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View Full Version : how much does a blazer weigh

12-14-2000, 12:27 AM
i was wondering how much a stock 1972 blazer weighs. also, what are the best parts to replace with fiberglass?

12-14-2000, 08:08 AM
Bummer dude....thats the "Ultimate" replacement...

My 1983 K5 tipps the scale at 5700+, with quater of a tank of fuel and empty and thats without my fat a$$ in it. Wanna know why its so heavy?!?!? 6.2 Diesel.....

J**'s whats for dinner!

12-14-2000, 08:16 AM
Well on the inside of your drivers side door you should have the factory plate with the factory weight listed there! I think it says 5500 if I remember.
Fiberglass???? On a wheeler?? Remember if you replace body panels on a 4x4 with fiber then go wheelin and touch a rock or a tree, CRACK, wasted money...... This ofcorse this is just my opinon but I think its easyier to fix sheet metal than replacing fiberglass body parts all the time!
Why are you going for a lighter rig?

72K5 Zeppelin ON!

12-14-2000, 08:24 AM
Well, my 78 K5 weighs in at 5,680#. Thats with all accessories and spare parts plus the winch.

Mudzer 1978/91 K5
<font color=blue></font color=blue>

12-14-2000, 09:30 AM
Since when was the vehicle weight on the door? GVWR is NOT the weight of the vehicle BTW.


12-14-2000, 09:44 AM
NO? What is it??
Gross Vehical Weight?? doesn't that imply the intire weight of the vehicle?????

72K5 Zeppelin ON!

12-14-2000, 10:45 AM
Vehicle weight is given in the ColoradoK5 specification section. Does anyone know what the given weight is for? My guess is that it is for standard equipment, curb weight ready for shipping (with coolant and lubricants, but no fuel.) They seem to run about 1000 lbs lighter than the weights given in this post for trail ready vehicles. BTW GVWR is the maximum legal weight for the vehicle, fully loaded.

12-14-2000, 10:50 AM
(G)ross (V)ehicle (W)eight (R)ating means how much the vehicle is intended to be able to weigh with the components from the factory. So, if your truck says 5500 GVWR, it means that that's the maximum weight that the vehicle can handle with the factory equipment. So, if you have a 1/2 ton truck with a 5500 GVWR, your truck, probably weighs in at 4500 unloaded, then when you add the 1/2 ton capacity into the bed or wherever, you reached the trucks GVWR.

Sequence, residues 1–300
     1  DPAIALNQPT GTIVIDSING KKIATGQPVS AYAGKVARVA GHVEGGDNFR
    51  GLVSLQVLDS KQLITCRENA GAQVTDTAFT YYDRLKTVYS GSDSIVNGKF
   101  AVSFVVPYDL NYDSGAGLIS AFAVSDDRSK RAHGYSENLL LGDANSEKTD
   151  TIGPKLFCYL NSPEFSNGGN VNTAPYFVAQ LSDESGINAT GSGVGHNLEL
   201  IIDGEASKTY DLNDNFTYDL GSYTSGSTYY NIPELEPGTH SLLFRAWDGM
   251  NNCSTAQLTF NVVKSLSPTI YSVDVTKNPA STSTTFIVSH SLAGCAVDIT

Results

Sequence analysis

Obviously, that's with a stock unmodified truck. I'm guessing that because of the question, your truck isn't exactly how it was when it came out of the factory, or you don't intend for it to be very long.

The only real way to tell is to go to the dump or metal recycler and ask the guy who runs the scales how much your truck weighs unloaded. If he's real nice ask if you can weigh you truck front first, then all at once, then rear. This way you can tell how much weight bias you have front to rear. If you are getting custom springs made, from National or Alcan, you'll have accurate measurements of your truck.



I've got my dream truck and it's a 72 K-5 that is getting there!!

12-14-2000, 10:51 AM
The weight's in the spec section are for bone stock K5's with 6 popper motor and no options, that is why they are so light. My 90 with soft top, 14 bolt rear and 400# of bumpers/winch/spare/trail gear and 1/2 tank of gas weighs 5720#

1990 K5 with stuff

12-14-2000, 03:18 PM
Thanks Buddy!! I din't know that!!I have no clue as to were mine is now! Looks like I'll be takein it to the local scale to satisfy my curiocity

72K5 Zeppelin ON!

12-14-2000, 03:50 PM
Mine weighed 2820 kg, that equates to about 6200 lbs. Im not sure why mine is so much heavier than the others...
BTW, my front axle and rear axle were very close to the same weight as well. I think the front was heavier by about 100 lbs or so.


<font color=blue>Thumper
85 Fullsize Jimmy
<font color=red>Lets Go Wheelin! </font color=red>

12-15-2000, 04:07 AM
hey thumper, almost the same front and rear? you got a spare motor in the back?


Mr Red
12-15-2000, 08:36 PM
BUDDY is right on the mark. GVW is the max. There's also a max for load over the front and a max for load over the rear axles. That's why we should all do what was mentioned earlier.... Get the weight at the scales w/ just the front axle on some scales, then get it with just the rear axle on the scales. Check your manuals, take what you get from your scale results (empty truck scale weights) for the rear axle, subtract it from the Gross load allowed for the rear axle, and you'll know what you can put in the rear. Why there's a font axle GVW, I don't know. What I do know is how much I can put in the back of my rig... safely. But [there's always one of those] us safety people will tell you there's supposed to be a safety factor----don't try to figure it out, just follow the rules & you'll be fine.

<font color=red>David, '86 K5</font color=red>

12-15-2000, 08:50 PM
The reason for a front axle GVW is that when you put a load in the truck depending on where the load is centered you'll be adding weight to the front axle as well as the rear. Or if you're using a weight distributing hitch set-up on a heavy trailer, you'll also be loading more weight on the front end depending on the pre-tension you set on the bars. With my hitch set-up I can end up with the rear of the truck higher than empty. This means my 600 lbs tongue weight is now mostly on the front end. I don't tow this way, I found this out dialing in the hitch set-up.